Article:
Economy

Main article: Economy of Louisville, Kentucky

See also: Greater Louisville Inc. and List of major employers in Louisville, Kentucky

The L&N Building on West Broadway

Bourbon bottle, 19th century. One-third of all bourbon whiskey comes from Louisville.
Louisville’s early economy first developed through the shipping and cargo industries. Its strategic location at the Falls of the Ohio, as well as its unique position in the central United States (within one day’s road travel to 60% of the cities in the continental U.S.) make it an ideal location for the transfer of cargo along its route to other destinations. The Louisville and Portland Canal and the Louisville and Nashville Railroad were important links in water and rail transportation. <a href=”http://jamescollinsford.net“>James Collins Ford</a>Louisville’s importance to the shipping industry continues today with the presence of the Worldport global air-freight hub for UPS at Louisville International Airport. Louisville’s location at the crossroads of three major Interstate highways (I-64, I-65 and I-71) also contributes to its modern-day strategic importance to the shipping and cargo industry. As of 2003, Louisville ranks as the 7th largest inland port in the United States.

Recently, Louisville has emerged as a major center for the health care and medical sciences industries. Louisville has been central to advancements in heart and hand surgery as well as cancer treatment. Some of the earliest artificial heart transplants were conducted in Louisville. Louisville’s thriving downtown medical research campus includes a new $88 million rehabilitation center and a health sciences research and commercialization park, that in partnership with the University of Louisville, has lured nearly 70 top scientists and researchers. Louisville is also home to Humana, one of the nation’s largest health insurance companies.

Louisville is home to nearly two dozen major corporations and organizations:

Atria Senior Living
Brown-Forman (Fortune 1000)
CafePress
Hillerich & Bradsby (manufacturer of Louisville Slugger baseball bats)
Hilliard Lyons (investment firm)
Humana (Fortune 500)
Kindred Healthcare (Fortune 500)
Long John Silver’s
Norton Healthcare
Papa John’s Pizza
PharMerica (Fortune 1000)
Presbyterian Church (U.S.A.)
Republic Bank & Trust Company
SHPS (healthcare and human resources services company)
Signature HealthCARE
S.Y. Bancorp (holding company for Stock Yards Bank & Trust)
Texas Roadhouse
Thorntons
Tumbleweed Tex Mex Grill & Margarita Bar
UPS Airlines[57]
Yum! Brands (owners of KFC, Pizza Hut and Taco Bell) (Fortune 500)
ZirMed (health care technology company)

Humana headquarters in Downtown Louisville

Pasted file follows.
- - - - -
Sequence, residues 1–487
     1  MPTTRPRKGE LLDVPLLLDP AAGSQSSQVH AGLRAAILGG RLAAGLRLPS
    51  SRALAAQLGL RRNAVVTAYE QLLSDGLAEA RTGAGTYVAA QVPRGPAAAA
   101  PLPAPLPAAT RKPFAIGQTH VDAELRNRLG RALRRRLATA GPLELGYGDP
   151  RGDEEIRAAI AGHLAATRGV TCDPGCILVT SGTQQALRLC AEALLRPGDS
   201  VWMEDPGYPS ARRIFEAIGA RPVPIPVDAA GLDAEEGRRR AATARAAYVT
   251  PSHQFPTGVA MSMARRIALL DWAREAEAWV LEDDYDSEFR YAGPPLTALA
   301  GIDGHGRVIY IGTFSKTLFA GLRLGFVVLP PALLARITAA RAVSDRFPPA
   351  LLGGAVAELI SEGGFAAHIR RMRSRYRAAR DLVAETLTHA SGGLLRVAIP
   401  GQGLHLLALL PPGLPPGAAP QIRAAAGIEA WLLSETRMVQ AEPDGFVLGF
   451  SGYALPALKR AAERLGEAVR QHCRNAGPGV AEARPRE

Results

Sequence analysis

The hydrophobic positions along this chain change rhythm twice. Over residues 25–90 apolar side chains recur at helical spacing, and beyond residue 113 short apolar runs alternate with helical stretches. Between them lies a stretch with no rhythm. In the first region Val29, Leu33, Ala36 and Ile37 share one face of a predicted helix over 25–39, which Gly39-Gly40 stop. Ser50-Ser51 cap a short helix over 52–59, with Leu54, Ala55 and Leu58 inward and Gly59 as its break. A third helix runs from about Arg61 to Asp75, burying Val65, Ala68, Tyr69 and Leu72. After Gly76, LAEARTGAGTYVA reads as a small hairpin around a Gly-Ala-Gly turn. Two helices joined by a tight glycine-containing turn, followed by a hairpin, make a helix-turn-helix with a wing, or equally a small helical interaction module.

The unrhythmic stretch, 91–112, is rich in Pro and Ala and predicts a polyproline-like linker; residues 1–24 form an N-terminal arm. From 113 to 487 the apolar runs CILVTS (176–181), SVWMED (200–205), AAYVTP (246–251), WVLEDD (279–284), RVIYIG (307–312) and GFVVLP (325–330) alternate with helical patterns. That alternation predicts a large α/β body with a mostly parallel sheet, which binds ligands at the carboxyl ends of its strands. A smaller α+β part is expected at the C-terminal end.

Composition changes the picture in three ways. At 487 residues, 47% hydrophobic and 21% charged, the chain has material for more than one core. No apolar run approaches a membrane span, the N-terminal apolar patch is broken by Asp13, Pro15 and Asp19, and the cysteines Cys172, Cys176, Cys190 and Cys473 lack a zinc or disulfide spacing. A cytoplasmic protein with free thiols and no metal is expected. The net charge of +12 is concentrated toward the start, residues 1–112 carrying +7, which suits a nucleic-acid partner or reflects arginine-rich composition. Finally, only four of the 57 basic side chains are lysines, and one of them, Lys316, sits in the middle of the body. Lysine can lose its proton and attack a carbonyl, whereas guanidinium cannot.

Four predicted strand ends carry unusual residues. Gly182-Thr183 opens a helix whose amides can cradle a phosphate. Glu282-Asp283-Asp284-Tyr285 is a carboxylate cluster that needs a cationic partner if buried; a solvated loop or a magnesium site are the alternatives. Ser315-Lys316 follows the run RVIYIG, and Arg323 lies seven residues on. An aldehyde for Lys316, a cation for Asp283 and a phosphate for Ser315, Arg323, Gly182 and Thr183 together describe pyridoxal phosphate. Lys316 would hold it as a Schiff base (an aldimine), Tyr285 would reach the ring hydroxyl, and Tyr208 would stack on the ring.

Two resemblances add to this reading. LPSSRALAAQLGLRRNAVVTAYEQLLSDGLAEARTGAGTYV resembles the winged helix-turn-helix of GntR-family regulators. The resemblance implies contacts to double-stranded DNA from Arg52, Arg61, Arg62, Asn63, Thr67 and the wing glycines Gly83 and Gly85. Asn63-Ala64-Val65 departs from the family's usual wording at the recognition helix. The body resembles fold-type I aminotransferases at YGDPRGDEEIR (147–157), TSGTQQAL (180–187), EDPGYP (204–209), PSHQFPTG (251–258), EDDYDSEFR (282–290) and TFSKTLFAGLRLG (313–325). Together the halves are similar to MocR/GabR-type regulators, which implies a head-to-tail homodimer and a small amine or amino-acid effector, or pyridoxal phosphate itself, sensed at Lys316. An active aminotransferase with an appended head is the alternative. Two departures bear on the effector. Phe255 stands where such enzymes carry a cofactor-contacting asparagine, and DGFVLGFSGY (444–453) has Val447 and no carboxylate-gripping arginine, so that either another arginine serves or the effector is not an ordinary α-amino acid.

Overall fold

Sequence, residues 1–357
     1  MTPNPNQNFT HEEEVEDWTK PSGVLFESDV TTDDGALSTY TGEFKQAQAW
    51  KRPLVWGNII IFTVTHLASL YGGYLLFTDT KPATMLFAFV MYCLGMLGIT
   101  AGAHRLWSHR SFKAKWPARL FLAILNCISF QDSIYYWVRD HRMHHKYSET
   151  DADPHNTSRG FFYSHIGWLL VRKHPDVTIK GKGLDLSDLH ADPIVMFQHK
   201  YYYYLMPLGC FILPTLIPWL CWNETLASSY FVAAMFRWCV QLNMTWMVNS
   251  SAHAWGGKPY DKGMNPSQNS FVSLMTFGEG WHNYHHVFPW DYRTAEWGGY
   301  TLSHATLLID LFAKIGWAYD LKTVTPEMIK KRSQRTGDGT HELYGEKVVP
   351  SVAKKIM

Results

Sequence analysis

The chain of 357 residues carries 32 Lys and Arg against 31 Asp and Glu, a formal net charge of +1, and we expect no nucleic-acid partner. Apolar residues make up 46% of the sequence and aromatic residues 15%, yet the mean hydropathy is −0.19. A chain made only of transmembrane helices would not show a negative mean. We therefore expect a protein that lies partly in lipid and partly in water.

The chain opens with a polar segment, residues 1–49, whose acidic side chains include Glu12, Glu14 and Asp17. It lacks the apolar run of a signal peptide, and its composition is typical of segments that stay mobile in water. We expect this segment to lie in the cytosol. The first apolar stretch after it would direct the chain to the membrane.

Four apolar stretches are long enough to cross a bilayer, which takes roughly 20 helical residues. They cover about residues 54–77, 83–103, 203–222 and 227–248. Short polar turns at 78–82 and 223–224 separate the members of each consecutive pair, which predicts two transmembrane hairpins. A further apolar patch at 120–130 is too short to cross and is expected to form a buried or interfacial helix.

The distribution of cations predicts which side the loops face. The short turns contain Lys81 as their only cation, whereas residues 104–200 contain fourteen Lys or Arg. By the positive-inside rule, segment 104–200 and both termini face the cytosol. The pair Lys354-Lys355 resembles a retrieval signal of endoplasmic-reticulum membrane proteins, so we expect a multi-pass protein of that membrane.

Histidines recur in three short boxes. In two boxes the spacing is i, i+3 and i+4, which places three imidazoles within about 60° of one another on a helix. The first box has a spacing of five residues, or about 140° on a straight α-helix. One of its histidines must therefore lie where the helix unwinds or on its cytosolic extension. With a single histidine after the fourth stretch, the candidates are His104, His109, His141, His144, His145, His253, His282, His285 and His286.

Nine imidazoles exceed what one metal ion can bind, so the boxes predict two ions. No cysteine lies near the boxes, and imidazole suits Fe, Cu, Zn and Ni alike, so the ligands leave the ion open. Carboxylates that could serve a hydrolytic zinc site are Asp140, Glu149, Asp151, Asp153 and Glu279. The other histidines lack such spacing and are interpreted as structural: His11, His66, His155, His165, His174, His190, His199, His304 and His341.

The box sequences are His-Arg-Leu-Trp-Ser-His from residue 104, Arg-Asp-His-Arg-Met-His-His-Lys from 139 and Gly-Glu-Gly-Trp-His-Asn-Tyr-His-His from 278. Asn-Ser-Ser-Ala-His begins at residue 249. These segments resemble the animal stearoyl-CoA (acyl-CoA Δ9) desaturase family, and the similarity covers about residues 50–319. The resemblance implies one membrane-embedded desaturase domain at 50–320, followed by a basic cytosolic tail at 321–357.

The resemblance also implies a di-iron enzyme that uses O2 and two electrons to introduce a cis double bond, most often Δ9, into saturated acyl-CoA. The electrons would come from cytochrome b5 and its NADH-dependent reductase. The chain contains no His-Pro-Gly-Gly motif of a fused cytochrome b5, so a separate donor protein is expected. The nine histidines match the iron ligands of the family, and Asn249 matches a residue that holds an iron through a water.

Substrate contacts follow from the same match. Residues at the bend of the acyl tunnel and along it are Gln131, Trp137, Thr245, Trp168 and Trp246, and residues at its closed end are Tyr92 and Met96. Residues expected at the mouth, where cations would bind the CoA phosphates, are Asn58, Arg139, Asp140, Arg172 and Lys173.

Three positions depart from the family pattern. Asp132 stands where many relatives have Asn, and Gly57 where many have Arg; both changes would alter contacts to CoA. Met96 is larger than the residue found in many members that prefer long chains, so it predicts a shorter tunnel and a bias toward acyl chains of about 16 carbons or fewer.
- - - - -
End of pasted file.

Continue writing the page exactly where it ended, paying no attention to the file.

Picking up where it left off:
Louisville for a long time was also home to Brown & Williamson, the third largest company in the tobacco industry before merging with R. J. Reynolds in 2004 to form the Reynolds American Company. Brown & Williamson, one of the subjects of the tobacco industry scandals of the 1990s, was the focus of The Insider, a 1999 film shot around the Louisville area. Also located in Louisville are two major Ford plants, the headquarters of GE Consumer & Industrial (a subsidiary of General Electric) and a major General Electric appliance factory.

Additionally, Louisville is a major center of the American whiskey industry—approximately one-third of all bourbon comes from Louisville.[citation needed] Brown-Forman, one of the major makers of American whiskey, is headquartered in Louisville and operates a distillery in the Louisville suburb of Shively. The current primary distillery site operated by Heaven Hill, called the Bernheim distillery, is also located in Louisville near Brown-Forman’s distillery. Other distilleries and related businesses can also be found in neighboring cities in Kentucky, such as Bardstown, Clermont, Lawrenceburg and Loretto.

Louisville also prides itself in its large assortment of small, independent businesses and restaurants, some of which have become known for their ingenuity and creativity. In 1926 the Brown Hotel became the home of the Hot Brown “sandwich”. A few blocks away, the Seelbach Hotel, which F. Scott Fitzgerald references in The Great Gatsby, is also famous for a secret back room where Al Capone would regularly meet with associates during the Prohibition era. The drink the Old Fashioned was invented in Louisville’s Pendennis Club.

Several major motion pictures have also been filmed in or near Louisville, including The Insider, Goldfinger, Stripes, Lawn Dogs, Elizabethtown and Secretariat.

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